It's now been about 15 months since I was officially diagnosed with MS. I still remember the feelings that seemed to engulf my very being that fateful day- the fear, the sadness, the anger. I also remember scrounging the internet to gather every piece of information I could find on this disease to the point it became almost obsessive. I was desperate to understand what was happening to my body, and even more desperate to understand what this diagnosis meant for my future.
I still stay on top of the latest news and research on MS, but as for the disease itself I know longer feel compelled to read the same information twenty times over. Now, I've taken the knowledge I've gained along the way and I try to educate others on this greatly misunderstood and underestimated disease. In many ways, that's what this blog has even become. As I've mentioned before, I've played the online game "Second Life" for quite some time now. In Second Life, I belong to a Multiple Sclerosis support group, and I'm quite honest with those I meet in the virtual world about having the disease in real life. I often tell people the reason I'm so open about having MS, and happy to answer questions, is because with an estimated half million Americans living with this disease, there's a good chance at some point in our lives we'll all have someone we know develop it. If my openness about MS helps even one other person to understand it, and potentially make someone's struggle living with the disease a little less scary, then it's worth it.
Well... it seems my own words rang true about the likelihood of people knowing someone with MS during their lives. A couple days ago, a friend of mine from Second Life was also diagnosed with MS. It's very different being on the other side of the window, looking in on someone newly diagnosed versus being the one struggling with it. I must say though, it's not easy. In some ways, it's actually just as hard. I think anyone can talk about having MS, or write a blog about what life with it is like. It's entirely different talking someone you consider a friend, and trying to find the gentlest way possible to answer their questions and give them information without adding to their fear. My heart just broke as I spoke to him. I wouldn't wish this disease on my worst enemy, let alone a friend. I wanted so badly to just make him feel better, tell him everything is going to be fine, but I knew doing so would only be a grave injustice to him. He deserved to know the facts and the truth about life with MS, so I just tried pass my knowledge onto him as gently as I knew how.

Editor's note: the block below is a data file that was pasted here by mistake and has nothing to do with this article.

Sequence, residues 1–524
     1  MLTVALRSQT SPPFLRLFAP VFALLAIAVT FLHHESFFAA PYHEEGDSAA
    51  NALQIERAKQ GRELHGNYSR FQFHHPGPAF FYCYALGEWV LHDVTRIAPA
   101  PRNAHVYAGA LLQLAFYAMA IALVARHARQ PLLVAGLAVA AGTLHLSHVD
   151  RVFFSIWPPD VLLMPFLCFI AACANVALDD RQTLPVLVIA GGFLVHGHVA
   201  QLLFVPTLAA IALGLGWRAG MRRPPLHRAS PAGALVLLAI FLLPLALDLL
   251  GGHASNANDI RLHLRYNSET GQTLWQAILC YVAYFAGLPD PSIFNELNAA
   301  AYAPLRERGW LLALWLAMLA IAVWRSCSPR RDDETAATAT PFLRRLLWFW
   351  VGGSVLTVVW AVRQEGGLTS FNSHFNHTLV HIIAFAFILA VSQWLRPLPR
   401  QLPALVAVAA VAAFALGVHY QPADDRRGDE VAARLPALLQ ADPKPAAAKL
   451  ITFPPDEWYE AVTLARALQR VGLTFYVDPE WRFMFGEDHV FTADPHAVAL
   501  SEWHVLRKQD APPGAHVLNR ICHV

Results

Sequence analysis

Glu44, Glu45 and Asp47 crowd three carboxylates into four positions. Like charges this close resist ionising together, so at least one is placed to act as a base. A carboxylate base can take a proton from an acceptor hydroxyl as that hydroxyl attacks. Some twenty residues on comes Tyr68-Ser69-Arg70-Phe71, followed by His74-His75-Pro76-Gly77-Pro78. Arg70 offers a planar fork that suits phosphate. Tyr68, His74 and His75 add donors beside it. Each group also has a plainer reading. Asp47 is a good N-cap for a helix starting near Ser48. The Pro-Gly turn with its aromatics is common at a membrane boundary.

Which actually leads me to my latest 'gripe' about the medical professionals and how they handle patients newly diagnosed with MS. It seriously floored me how little information his doctor gave him. He was essentially diagnosed, told he'd go on injections, and not to worry about it. Like he'd just been diagnosed with a common cold! How in this day and age, with all the information at our fingertips, can a doctor be so uneducated? It really made me angry, because not only does it put the patients at a great disadvantage it can actually cause them a lot more undo stress when they struggle through trying to understand what's happening to them on their own. Needless to say, I advised my friend he may want to seriously consider shopping for a doctor better educated on MS. It's like I say all the time- you as the patient are the employer. You have every right to expect and demand the best and most knowledgeable care available. If your doctor, your employee, can't deliver what you need and expect? Fire them and find a better one.
To my friend newly diagnosed (yes I gave him this link), know I'm here for you if you need me. To everyone else reading this- I'll reinstate a challenge I've put out there before: Educate yourself on Multiple Sclerosis, and spread that knowledge to at least one other person around you. You never know the difference you could make in someone's life by doing so.
Be well all :)